| Preston L. Houser |
The Origin of Mukaiji
During the T'ang Dynasty (ninth century), in China's Ho NanProvince of, lived a man named Chohaku. Chohaku became a discipleof Zen priest Fukezenji. An amateur musician, Chohaku, after hearingthe priest's bell, cut a length of bamboo, fashioned a flute andtried to mimic the sound of the bell. He named the flute kyotaku,"false bell." Chohaku became a master of the instrument(and by extension Zen). This musical and spiritual tradition washanded down through Chohaku's family for sixteen generations.
Much later, during the S'ung Dynasty (twelfth century), a JapaneseBuddhist priest by the name of Gakushin, traveled to Hsu-ChowPrefecture in China. Having heard the sound of the bamboo flute,Gakushin became captivated with the beauty of the instrument and,after many years, became an accomplished player of the instrumentand teacher. Gakushin returned to Japan in 1254 and took up residenceat Koyasan. Among his many disciples was one named Kichiku, whodisplayed such devotion to Zen Buddhism and the shakuhachi thatGakushin decided to make Kichiku his successor of the "kyotaku"tradition.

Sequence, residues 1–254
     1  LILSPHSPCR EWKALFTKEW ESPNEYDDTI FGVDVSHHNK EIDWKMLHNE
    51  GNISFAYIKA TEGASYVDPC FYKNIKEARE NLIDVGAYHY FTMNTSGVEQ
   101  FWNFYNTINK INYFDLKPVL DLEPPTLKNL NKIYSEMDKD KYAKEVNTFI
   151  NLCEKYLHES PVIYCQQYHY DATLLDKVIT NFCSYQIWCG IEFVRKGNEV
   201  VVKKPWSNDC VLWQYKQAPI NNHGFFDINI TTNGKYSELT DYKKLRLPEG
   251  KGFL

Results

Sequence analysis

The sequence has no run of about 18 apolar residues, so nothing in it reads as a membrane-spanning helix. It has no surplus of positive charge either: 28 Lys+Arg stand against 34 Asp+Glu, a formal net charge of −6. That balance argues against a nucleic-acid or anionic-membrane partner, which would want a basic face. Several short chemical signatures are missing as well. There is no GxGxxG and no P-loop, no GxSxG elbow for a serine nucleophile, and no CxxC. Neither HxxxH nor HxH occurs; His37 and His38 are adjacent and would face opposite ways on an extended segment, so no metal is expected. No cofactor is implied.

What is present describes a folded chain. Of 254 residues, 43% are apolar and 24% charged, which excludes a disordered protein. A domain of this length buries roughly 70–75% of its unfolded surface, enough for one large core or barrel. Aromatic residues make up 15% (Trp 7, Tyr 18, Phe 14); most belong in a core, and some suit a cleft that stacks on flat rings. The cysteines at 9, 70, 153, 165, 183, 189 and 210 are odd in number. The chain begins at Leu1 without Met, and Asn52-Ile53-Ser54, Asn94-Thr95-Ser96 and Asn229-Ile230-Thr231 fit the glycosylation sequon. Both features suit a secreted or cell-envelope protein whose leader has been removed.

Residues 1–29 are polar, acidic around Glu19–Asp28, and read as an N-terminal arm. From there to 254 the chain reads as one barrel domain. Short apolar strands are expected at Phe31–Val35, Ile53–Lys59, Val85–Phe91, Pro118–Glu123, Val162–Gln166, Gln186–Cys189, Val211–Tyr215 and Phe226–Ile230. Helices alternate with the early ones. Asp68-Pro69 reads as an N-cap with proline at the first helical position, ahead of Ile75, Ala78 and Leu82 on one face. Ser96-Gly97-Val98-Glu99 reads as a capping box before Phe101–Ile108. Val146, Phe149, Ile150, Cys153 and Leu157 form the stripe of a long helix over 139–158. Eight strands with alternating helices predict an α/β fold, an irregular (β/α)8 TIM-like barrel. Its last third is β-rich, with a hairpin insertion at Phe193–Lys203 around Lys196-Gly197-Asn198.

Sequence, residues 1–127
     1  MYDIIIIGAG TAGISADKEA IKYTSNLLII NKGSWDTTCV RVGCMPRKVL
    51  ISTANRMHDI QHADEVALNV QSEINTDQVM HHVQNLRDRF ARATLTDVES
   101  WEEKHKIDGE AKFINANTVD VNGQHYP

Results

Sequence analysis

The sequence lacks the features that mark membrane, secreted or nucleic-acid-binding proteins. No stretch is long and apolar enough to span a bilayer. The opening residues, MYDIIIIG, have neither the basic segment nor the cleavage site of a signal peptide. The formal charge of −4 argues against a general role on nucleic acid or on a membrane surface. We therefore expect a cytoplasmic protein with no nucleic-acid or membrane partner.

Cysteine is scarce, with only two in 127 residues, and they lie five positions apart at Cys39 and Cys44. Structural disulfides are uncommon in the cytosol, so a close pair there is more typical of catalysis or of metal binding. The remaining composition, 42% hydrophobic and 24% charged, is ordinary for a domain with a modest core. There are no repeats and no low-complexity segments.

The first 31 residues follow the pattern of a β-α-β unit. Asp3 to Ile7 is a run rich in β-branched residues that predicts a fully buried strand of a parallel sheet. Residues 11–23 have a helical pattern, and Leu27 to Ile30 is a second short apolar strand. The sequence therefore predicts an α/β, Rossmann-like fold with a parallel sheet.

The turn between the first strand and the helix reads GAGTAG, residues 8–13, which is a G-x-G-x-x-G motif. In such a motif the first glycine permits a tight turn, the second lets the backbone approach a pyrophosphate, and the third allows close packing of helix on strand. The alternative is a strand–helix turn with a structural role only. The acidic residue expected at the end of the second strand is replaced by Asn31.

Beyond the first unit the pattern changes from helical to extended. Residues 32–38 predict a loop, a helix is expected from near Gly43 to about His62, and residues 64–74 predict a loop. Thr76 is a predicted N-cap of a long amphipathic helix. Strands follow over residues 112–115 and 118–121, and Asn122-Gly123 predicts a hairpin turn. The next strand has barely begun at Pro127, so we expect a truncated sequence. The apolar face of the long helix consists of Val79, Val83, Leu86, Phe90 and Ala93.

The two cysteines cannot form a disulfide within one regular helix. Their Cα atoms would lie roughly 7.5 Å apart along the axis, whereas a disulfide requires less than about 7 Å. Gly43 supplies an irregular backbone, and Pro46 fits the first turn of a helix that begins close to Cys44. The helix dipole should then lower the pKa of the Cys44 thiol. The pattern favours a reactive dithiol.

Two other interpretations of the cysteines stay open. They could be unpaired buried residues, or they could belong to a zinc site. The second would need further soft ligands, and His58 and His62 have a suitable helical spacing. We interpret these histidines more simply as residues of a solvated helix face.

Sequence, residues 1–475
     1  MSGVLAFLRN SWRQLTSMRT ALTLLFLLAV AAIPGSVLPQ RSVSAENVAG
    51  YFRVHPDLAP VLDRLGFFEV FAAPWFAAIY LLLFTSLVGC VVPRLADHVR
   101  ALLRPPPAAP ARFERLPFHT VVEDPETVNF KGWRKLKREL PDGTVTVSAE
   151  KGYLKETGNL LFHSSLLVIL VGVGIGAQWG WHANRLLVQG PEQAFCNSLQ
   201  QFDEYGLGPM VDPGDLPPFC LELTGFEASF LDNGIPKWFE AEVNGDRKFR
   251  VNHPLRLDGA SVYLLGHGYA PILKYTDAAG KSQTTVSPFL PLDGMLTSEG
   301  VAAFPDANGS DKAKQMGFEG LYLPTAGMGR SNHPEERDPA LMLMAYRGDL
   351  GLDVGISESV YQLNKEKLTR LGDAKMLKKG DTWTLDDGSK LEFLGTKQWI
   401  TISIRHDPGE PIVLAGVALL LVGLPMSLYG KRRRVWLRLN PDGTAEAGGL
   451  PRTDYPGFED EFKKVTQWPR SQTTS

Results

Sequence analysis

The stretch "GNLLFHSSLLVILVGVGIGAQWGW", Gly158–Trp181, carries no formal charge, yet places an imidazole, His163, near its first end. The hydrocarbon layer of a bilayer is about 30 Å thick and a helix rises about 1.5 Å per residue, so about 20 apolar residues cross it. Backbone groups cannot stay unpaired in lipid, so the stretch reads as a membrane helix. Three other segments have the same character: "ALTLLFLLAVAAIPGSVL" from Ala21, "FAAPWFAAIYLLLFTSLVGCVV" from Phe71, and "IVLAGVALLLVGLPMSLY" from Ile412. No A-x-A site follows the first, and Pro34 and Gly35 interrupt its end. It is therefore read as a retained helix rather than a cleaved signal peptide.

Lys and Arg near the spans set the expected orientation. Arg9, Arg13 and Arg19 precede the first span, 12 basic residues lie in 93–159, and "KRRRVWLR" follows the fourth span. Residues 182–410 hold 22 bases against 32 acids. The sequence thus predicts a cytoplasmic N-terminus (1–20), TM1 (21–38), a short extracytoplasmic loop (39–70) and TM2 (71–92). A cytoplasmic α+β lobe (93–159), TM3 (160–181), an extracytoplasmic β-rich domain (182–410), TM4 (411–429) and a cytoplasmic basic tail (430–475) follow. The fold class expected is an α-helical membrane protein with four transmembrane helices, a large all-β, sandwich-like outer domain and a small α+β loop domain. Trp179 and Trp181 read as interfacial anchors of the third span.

Kichiku finally took his leave from Koyasan and Gakushin inorder to embark upon a pilgrimage. Before long, Kichiku arrivedat the shrine of Kokuzo-do atop Mt. Asamagatake in present-dayMie Prefecture. He spent the night concentrating on his devotions.Falling in and out of sleep between his prayers, Kichiku had avivid dream in which he saw himself afloat on the ocean admiringthe moon. Suddenly, a dense fog covered everything and blockedout the moonlight. Through the fog, Kichiku heard the lonesomesound of the shakuhachi. The beauty of the music was indescribable.Kichiku awoke from his dream with the sound of the shakuhachistill with him. He soon memorized the music he had heard in hisdream and quickly returned to his master Gakushin. Gakushin toldKichiku that the music must certainly be a gift from Buddha, andtitled the piece "Mukaiji."